2. 2. the other team members. Over the years, I have seen what a lack of trust can do to a team: team members hiding work; not completing work in a timely fashion so that other team members cannot complete their part of the project; divisiveness; stifled communication; and cliques emerge that kill the team spirit. The real meaning of teamwork is shared energy and a true dependence on other team members, knowing that each will do what it takes to make the team a success. Individuality blends into a team oneness and support. Like the Level Five Leaders as described in Good to Great by Jim Collins, the focus is on the support of the organization and the team and not on the individual team member (it is not about me: it’s about we). Team members need to work on and support team agreement toward action. That does not mean that they have to agree on every aspect of work. Successful teams want debate, lively discussion and analysis. However, once a consensus is achieved, all members should support that call to action for the betterment of the team. Patrick Lencione wrote and interesting book entitled “The Five Dysfunctions of a Team”. I have outlined those five Dysfunctions for you to see if any are present in your working teams: • Absence of Trust – invulnerability – no open communication • Fear of Conflict – artificial harmony – creativity is stifled • Lack of Commitment – ambiguity – people not involved • Avoidance of Accountability – low standards – no accountability • Inattention to Results – status and Ego – results are not achieved If you reflect on the five and see any of these dysfunctions on your team, you must address that dysfunction because it will hold your team back from achieving results! It is up to each team member to be professional and support the team goals and success. Here is a blueprint for team success: • Ensure the goals are clear and there is buy-in from team members • Encourage open, free discussions that are non- defensive • Collect input from people outside the group • Allow everyone to be a critical evaluator and introduce this in an unbiased way • Avoid directing. Flexibly guide the team to meet its needs (treat adults like adults) • Develop Team Guidelines as to how you will work together • Ask all team members to outline the best way to communicate and work individually with them • Follow a team process of four points: o Clear goals, analysis (facts and evidence), o Know the stakeholders of your team decisions, and o Generate alternatives o Don’t get stuck in the circular thinking of analyze, dissect, and debate over and over again.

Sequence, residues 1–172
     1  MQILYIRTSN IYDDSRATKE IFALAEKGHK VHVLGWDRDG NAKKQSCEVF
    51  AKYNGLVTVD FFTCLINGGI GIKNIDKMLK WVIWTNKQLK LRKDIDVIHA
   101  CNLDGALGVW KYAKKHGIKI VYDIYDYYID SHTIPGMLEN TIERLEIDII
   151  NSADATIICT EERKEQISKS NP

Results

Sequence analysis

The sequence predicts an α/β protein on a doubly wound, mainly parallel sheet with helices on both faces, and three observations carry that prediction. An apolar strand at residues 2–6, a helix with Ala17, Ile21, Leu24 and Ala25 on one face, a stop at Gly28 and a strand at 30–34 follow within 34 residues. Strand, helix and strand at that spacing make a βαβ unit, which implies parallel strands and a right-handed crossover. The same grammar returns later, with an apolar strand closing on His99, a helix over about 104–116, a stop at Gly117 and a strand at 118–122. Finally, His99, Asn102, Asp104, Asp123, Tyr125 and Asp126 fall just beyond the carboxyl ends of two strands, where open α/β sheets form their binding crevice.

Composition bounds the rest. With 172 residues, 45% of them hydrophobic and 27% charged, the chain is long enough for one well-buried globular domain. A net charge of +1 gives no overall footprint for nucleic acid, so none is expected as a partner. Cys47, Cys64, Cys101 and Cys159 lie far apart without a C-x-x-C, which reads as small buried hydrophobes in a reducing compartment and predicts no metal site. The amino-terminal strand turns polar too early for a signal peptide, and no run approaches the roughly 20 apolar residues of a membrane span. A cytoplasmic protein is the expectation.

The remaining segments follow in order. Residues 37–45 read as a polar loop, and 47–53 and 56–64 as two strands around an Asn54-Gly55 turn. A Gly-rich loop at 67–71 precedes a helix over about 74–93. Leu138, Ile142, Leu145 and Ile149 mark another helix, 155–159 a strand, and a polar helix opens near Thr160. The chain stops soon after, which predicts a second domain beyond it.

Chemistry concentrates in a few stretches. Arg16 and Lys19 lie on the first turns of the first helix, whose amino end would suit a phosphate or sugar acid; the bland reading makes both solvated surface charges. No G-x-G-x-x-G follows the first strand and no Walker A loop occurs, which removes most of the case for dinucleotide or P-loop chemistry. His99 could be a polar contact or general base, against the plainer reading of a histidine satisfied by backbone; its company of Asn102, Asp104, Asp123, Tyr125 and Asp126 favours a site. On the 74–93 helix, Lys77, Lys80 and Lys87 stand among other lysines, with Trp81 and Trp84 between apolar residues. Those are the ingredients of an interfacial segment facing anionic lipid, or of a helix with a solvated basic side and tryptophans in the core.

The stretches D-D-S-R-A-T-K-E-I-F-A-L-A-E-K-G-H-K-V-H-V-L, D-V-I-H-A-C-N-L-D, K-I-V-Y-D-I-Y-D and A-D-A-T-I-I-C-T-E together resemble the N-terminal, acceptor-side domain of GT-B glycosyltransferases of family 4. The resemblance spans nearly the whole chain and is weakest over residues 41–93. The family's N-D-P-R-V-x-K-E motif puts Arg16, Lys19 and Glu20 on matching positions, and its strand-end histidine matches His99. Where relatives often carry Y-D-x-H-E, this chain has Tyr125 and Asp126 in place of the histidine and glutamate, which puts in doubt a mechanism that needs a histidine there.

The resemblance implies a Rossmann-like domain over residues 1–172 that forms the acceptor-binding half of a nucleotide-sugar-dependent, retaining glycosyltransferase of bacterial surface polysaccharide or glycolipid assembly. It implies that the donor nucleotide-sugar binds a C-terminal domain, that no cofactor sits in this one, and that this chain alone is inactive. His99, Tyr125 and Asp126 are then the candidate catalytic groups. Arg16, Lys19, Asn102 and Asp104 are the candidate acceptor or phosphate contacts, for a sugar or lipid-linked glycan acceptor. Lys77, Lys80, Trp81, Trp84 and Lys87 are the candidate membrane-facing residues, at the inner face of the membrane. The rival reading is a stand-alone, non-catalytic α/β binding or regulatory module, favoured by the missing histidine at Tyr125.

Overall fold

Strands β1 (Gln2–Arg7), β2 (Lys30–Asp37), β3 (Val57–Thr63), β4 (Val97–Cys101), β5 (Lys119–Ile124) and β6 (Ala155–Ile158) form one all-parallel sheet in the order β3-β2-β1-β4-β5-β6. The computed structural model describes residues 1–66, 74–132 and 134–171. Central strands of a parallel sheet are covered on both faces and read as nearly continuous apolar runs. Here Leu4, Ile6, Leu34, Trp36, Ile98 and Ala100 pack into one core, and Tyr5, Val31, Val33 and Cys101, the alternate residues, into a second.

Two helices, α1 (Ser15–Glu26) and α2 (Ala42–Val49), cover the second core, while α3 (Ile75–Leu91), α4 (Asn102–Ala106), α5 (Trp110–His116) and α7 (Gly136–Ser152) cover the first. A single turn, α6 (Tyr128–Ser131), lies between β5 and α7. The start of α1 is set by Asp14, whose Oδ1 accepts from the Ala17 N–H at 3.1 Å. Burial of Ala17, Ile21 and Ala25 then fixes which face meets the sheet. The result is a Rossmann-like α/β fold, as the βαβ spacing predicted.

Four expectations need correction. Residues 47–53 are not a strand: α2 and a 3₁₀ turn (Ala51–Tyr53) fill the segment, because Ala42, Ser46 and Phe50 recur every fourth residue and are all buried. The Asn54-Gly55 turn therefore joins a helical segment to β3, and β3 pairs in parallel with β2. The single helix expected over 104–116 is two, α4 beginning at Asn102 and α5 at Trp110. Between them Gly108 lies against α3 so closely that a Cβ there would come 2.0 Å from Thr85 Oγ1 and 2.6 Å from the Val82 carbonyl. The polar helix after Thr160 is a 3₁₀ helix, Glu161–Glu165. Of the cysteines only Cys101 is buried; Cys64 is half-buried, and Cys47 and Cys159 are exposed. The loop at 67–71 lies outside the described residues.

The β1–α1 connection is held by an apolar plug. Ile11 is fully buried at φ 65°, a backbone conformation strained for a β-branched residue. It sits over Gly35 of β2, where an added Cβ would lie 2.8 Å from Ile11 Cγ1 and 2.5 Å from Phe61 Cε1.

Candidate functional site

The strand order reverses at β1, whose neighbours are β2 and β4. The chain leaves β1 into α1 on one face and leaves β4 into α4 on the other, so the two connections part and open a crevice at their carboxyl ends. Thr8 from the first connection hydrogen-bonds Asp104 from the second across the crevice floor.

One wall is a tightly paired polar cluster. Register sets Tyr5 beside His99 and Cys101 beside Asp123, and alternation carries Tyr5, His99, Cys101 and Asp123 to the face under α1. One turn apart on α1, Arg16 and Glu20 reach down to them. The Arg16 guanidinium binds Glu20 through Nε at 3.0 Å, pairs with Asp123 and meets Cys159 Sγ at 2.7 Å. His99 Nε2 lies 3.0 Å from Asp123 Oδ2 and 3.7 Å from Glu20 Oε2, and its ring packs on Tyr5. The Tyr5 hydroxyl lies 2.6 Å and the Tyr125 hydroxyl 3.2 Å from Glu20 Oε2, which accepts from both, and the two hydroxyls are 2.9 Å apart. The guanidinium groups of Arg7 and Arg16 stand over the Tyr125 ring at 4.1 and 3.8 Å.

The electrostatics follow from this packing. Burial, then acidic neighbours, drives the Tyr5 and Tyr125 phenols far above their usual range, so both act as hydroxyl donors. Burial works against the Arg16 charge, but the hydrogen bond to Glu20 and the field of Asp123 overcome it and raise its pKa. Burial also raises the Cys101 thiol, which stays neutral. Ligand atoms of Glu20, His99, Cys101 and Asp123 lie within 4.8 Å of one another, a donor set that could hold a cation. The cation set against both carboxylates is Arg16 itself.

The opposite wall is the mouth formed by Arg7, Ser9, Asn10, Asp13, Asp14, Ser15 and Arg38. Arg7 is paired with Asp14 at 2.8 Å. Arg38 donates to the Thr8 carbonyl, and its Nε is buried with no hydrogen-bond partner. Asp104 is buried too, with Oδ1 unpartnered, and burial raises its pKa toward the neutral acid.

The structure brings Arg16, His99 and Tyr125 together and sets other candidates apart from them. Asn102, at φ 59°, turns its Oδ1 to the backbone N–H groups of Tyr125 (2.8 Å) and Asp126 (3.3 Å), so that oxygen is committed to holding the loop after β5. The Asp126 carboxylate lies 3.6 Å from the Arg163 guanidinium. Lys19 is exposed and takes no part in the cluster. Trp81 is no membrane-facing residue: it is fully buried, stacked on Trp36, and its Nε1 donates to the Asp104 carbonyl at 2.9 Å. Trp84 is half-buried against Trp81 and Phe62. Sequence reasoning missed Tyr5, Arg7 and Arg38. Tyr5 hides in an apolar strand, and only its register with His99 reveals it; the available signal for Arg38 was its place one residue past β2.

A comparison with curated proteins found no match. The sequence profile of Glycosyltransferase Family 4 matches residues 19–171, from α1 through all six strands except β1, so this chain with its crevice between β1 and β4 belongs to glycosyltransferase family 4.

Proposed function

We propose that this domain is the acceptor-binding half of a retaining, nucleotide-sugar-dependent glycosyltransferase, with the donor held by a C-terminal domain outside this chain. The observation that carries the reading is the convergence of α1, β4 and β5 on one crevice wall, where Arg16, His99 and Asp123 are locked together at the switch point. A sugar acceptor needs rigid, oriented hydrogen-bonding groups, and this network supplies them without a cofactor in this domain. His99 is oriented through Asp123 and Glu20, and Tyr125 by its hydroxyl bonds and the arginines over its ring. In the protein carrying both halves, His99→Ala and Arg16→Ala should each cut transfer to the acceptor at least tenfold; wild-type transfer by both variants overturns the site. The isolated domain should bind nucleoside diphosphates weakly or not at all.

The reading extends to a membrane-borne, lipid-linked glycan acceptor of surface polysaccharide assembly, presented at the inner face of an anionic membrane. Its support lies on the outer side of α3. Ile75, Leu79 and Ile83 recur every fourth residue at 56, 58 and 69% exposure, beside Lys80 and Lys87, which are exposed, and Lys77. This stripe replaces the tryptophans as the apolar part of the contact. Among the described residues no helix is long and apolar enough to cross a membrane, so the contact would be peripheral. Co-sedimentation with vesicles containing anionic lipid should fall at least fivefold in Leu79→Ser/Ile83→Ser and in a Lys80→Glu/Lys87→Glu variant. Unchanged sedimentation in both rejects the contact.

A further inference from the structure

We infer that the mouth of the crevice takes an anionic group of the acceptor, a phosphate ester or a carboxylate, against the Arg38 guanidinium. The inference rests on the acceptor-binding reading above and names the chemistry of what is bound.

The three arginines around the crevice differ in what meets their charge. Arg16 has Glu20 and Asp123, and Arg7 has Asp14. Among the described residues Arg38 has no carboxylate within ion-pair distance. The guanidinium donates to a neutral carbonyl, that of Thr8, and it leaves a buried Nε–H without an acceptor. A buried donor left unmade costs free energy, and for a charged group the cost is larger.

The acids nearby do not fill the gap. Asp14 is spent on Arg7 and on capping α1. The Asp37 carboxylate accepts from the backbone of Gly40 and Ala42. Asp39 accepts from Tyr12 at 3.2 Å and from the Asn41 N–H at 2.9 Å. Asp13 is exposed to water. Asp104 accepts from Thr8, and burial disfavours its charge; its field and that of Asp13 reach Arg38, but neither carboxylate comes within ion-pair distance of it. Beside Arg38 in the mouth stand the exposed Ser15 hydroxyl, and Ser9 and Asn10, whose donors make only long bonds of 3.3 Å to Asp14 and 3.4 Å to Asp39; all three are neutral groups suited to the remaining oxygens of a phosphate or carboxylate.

3. 3. A great deal of work and satisfaction can be achieved by working with others in a team. The quality of work and production can be very satisfying when a team comes together. When everything works in concert, the end product is greater than the individual parts! Rex Gatto Ph.D., BCC President Gatto Associates LLC. 412 344-2277 (Office) www.rexgatto.com rex@rexgatto.com